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Illegal Immigration: Closing the Gates

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Illegal Immigration: Closing the Gates

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Health Care a 'Complicated' Issue
Charleston (S.C.) Post and Courier
Monday, November 24, 2008

Ana-Cecilia de Marquez, 43, rubs her belly when she talks. The illegal immigrant has bothersome and sometimes painful symptoms that require her to stay close to her Goose Creek mobile home.

"It's ... like I'm going to deliver a baby," de Marquez said. "It feels like a wound inside."

De Marquez, who moved from El Salvador to the United States three years ago, is uninsured. She said she has been bounced around the health care system for two years, unable to get her symptoms under control.

"So what?" say some opponents of illegal immigration, who don't think undocumented people should be able to receive health care at public expense.

Russ Henderson, a U.S. citizen and retired military man, lives in neighboring Ladson and is outspoken on the issue. "Every time an illegal uses services the American people pay for, they are stealing," he said. "Go back and let your government take care of you."

Henderson is not alone. Illegal immigration was second only to the economy in the top four issues that matter most among South Carolina Republicans surveyed in primary exit polls.

State legislators responded and passed the Illegal Immigration Reform Act, which became law in June.

The law, among other measures, bans any state-funded, non-emergency medical care for adult undocumented immigrants. Exceptions are made for immunizations, prenatal care and communicable diseases.

Senate President Pro Tem Glenn McConnell, who championed the reform, said, "There's no reason taxpayers should foot the bill for illegals. It's flat wrong. We're having trouble keeping up with those already here. Adding the burden of those not contributing to the system is unfair."

Jack Feussner, chairman of Medical University of South Carolina's Department of Medicine, said he can understand why legislators want to make resources for legal residents a priority. "But it's much more complicated than that," he said.

MUSC, which receives 6.4 percent of its operational budget from the state, is reviewing the legislation to identify issues and figure out how to comply. MUSC, like nearly all hospitals, accepts Medicaid funds, which are a combination of state and federal money. For every dollar the state sets aside for Medicaid, the federal government provides $3.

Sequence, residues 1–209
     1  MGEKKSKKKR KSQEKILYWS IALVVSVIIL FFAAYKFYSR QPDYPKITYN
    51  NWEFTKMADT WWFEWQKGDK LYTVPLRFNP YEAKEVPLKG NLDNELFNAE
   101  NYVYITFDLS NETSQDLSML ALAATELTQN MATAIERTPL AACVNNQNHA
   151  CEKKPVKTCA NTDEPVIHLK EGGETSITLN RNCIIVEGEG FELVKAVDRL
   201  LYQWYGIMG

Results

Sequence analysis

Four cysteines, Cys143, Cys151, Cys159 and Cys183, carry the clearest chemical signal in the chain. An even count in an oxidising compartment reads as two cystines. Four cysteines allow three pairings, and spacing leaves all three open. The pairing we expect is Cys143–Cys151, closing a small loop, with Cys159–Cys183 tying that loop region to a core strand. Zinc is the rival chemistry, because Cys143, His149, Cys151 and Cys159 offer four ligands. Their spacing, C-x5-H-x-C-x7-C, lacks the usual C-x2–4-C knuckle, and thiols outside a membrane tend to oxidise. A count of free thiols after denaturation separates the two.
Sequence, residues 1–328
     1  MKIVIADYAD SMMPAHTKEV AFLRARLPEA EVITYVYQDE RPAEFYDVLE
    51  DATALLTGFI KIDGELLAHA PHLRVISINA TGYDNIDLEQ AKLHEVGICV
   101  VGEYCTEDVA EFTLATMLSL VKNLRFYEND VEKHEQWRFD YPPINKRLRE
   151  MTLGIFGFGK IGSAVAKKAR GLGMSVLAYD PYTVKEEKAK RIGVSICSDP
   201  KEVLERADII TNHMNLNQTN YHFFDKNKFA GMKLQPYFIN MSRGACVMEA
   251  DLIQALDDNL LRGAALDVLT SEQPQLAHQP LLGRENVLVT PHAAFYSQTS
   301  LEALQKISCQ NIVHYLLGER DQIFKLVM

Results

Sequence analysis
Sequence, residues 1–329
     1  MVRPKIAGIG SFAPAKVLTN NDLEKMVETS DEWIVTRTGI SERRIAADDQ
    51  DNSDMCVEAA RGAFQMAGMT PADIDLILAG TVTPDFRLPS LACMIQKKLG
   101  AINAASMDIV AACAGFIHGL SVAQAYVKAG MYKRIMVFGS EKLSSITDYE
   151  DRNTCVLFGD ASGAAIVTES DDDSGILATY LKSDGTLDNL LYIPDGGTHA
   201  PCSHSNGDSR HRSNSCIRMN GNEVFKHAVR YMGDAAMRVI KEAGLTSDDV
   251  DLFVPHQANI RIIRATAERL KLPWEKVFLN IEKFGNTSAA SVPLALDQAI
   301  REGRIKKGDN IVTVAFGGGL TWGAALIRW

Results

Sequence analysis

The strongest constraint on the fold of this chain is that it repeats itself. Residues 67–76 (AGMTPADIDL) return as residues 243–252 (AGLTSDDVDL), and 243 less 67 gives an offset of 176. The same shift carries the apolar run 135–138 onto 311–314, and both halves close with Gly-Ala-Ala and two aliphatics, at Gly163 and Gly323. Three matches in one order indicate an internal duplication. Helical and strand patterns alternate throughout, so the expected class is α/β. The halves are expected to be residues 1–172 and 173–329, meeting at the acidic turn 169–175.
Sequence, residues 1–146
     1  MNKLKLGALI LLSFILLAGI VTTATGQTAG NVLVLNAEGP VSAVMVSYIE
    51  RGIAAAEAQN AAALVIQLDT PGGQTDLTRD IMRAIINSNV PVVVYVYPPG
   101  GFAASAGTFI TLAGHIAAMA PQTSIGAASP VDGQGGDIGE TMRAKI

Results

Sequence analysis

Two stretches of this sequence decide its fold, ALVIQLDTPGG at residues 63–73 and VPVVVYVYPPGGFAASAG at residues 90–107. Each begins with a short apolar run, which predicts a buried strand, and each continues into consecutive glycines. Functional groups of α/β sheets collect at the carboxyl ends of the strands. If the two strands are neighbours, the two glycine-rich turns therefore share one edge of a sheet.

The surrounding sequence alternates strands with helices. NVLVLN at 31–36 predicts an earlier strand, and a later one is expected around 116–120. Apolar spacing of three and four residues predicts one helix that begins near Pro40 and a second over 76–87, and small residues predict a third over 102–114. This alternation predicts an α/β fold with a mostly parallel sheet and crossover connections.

That means the hospital is caught between the new state law and federal law, which also mandates that people must be treated without discrimination. Any test for legal residency must be applied to everyone.

Here's one way the laws could conflict: An illegal immigrant shows up at a hospital clinic, which is bound by federal law regarding emergencies and discrimination. The immigrant doesn't speak English. Before an interpreter is brought in to help interview the immigrant about his condition, which might constitute an emergency, should that patient's legal status be screened?

Another problem with implementing the law is separating federal and state. More than 130 clinics, both hospital- and physician-based, are affiliated with MUSC. Separating the funding streams to insure that no state funds go to illegal immigrants is complicated and might be impossible for an organization of MUSC's size.

For that reason, Tammy Besherse, staff attorney with S.C. Appleseed Legal Justice Center, a low-income advocacy group, is skeptical that the law will have any effect. "I don't know of any place that only gets state money," Besherse said.

What will the law change?

To avoid a direct conflict with the federal law requiring emergency care, regardless of immigration status, legislators targeted a limited health care scenario with their bill. It prohibits illegal immigrant adults from seeking care in a state-funded facility for non-life-threatening and noncommunicable ailments.

De Marquez fits the bill.

Her womb is filled with lime-size fibroid tumors. Common in premenopausal women, the noncancerous tumors often are symptomless, but they can sometimes be painful and bleed. De Marquez also suffers from diverticulitis, a digestive condition that also can cause abdominal pain.

Neither condition is immediately life-threatening for her, so if de Marquez visits a clinic that receives state funds, she could be turned away, according to the law. Clinics that rely on membership dues, donations and federal grants are not affected by the law, but they are few and have limited resources.